- Vomiting or gagging: This is one of the most obvious signs that a dog has eaten something unusual. If you notice your dog vomiting frequently or if the vomit contains foreign objects, it's likely that your dog has eaten something it shouldn't have.
- Lethargy: A dog might feel lethargic and unwell after eating something toxic or indigestible. If your dog is lying around and not in its usual energetic self, it may have ingested something bad.
- Diarrhoea and flatulence: Your dog may experience digestive issues such as diarrhoea and flatulence by eating something it shouldn't have eaten.
- Abdominal pain: In some cases, like if the dog ate something very sharp, there might be abdominal pain due to internal injuries.
- Seizures and tremors: These are signs of poisoning. They can happen if the dog has eaten something toxic.
- Changes in behaviour: Ingesting something toxic or indigestible can cause a dog to act differently. Watch out for symptoms like anxiety, restlessness, or agitation.
Human Foods That Are Dangerous to Dogs
Ever noticed your canine companion begging for a bite of your baked chocolate or avocado? Although it's hard to resist, denying your dog some human food could help save its life.
Some human foods are hazardous to dogs and can be fatal. This is due to dogs’ metabolism, which is different from that of humans.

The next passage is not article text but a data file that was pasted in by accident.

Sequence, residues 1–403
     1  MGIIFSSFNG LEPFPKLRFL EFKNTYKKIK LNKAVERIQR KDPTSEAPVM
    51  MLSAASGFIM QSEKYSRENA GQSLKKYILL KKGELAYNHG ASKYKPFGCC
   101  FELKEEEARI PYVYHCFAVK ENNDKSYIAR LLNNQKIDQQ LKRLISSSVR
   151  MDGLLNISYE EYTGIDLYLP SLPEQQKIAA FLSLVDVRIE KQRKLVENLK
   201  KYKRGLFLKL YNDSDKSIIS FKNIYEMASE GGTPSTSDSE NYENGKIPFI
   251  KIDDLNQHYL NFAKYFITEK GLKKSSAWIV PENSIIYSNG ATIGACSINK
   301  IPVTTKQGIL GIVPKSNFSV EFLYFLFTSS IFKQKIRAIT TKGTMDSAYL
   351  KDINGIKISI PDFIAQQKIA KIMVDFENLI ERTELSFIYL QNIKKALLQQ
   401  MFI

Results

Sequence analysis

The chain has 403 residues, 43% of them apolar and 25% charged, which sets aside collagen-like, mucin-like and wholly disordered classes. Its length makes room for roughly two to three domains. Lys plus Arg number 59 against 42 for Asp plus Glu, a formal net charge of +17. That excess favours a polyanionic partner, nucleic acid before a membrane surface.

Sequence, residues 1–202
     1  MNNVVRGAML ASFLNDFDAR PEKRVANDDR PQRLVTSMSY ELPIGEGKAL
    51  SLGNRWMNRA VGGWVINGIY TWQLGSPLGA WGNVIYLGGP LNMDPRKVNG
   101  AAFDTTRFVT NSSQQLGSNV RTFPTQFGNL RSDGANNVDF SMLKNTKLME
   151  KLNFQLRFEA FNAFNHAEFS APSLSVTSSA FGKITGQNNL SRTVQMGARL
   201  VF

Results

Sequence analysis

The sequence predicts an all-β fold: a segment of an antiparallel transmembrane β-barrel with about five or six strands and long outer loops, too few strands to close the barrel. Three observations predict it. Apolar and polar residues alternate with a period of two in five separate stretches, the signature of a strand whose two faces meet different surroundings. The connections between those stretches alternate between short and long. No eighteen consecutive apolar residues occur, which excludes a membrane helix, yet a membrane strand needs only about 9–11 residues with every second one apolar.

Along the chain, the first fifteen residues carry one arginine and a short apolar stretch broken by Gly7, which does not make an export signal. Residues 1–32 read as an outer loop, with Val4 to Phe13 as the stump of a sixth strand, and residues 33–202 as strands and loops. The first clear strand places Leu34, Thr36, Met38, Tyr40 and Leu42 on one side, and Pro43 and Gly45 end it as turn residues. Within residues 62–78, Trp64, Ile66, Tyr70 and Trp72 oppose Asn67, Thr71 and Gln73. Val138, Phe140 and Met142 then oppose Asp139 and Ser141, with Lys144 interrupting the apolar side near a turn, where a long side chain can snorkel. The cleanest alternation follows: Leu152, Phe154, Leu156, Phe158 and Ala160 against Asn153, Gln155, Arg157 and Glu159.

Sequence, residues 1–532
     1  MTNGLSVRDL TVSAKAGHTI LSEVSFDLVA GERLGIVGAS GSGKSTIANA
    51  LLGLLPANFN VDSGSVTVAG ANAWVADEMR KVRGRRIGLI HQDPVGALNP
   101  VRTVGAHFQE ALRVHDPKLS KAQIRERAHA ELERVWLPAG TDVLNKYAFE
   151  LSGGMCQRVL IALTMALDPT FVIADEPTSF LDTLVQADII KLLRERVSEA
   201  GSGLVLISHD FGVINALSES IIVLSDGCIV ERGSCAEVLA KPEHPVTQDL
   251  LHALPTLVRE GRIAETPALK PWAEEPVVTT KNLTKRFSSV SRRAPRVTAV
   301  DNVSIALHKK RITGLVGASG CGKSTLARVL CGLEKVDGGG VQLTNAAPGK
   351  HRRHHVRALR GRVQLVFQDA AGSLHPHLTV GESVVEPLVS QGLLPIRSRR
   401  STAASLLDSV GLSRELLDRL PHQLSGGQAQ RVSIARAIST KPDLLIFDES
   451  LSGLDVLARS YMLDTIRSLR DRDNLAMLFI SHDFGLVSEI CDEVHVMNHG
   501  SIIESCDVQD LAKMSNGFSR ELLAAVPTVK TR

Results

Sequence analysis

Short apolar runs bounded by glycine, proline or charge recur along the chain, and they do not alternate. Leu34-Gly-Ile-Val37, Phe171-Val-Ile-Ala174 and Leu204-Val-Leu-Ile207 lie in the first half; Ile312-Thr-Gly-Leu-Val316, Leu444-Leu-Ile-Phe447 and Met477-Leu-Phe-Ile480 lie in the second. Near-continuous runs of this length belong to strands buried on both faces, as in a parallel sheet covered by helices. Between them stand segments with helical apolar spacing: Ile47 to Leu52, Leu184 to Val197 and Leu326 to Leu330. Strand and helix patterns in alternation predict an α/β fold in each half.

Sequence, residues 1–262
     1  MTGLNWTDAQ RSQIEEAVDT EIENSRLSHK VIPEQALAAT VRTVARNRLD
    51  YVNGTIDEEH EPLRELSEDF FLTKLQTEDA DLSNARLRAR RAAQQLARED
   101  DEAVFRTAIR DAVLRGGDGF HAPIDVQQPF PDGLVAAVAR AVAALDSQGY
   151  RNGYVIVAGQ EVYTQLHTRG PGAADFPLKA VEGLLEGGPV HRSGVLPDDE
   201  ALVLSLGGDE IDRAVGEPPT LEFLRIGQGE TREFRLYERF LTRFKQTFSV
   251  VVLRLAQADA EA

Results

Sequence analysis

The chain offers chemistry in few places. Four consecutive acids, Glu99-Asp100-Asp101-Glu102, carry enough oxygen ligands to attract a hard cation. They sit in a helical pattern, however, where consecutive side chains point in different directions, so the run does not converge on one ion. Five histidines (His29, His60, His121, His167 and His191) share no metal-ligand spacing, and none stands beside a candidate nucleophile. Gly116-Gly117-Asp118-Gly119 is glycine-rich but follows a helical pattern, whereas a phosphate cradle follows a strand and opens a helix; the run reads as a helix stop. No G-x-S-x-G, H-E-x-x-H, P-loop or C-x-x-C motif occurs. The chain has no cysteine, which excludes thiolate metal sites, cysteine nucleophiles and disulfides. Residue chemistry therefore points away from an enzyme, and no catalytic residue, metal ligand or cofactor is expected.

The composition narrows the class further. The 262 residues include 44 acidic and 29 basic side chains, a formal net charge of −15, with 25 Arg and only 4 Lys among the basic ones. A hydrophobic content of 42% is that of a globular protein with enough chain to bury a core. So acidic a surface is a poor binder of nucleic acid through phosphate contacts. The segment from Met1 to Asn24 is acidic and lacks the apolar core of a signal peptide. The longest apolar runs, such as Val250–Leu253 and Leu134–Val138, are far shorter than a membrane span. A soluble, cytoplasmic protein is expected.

The table below summarises human foods that are hazardous to dogs:
Consequences to Dogs
Breathing problems, vomiting, coma
Vomiting and diarrhoea
Overheating, vomiting, weakness
Grapes and raisins
Liver failure, seizures, and body weakness
Vomiting in small amounts and death in large quantities
Table 1: Human foods that are hazardous to dogs and their consequences
Besides food, human pharmaceuticals, especially over-the-counter medicines, are also poisonous to dogs. These medicines contain components like naproxen, ibuprofen, and acetaminophen, all of which are harmful to our four-legged companions.
How to Prevent Your Dog from Consuming Something It Shouldn't
The old saying, "prevention is better than cure," holds for our canine friends.
As a dog parent, you must ensure your pup doesn't consume anything out of the ordinary.
Here are some tips to help you with this:
Keep Dangerous Foods Away
Keeping human food away from your dog is essential for its safety.
Keep all toxic foods in high places that are hard to reach or secure them in a cupboard with a lock.
Never leave toxic medicines, like ibuprofen, lying around.
Train Your Dog
Training your dog the "leave it" command helps to prevent it from ingesting something hazardous.
For this command, you can entice the dog with a treat in your palm. Close your palm immediately the dog tries reaching for the treat. With time, the dog will understand that going for the treat is wrong. Remember to offer positive reinforcements like praises when it does.
Keep the Dog Busy and Entertained
A busy and entertained dog is less likely to nibble on things it shouldn't.
Some easy ways to keep your dog busy and entertained include:
- Taking it for regular walks
- Playing fetch
- Playing the shell game
- Giving it puzzle toys that require problem-solving skills
It's essential to stay vigilant and take preventative measures to ensure your pup's safety. Familiarise yourself with signs of ingestion, act promptly, and consult your vet when in doubt.
A healthy dog makes for a happier home, so let's protect our furry friends from harm.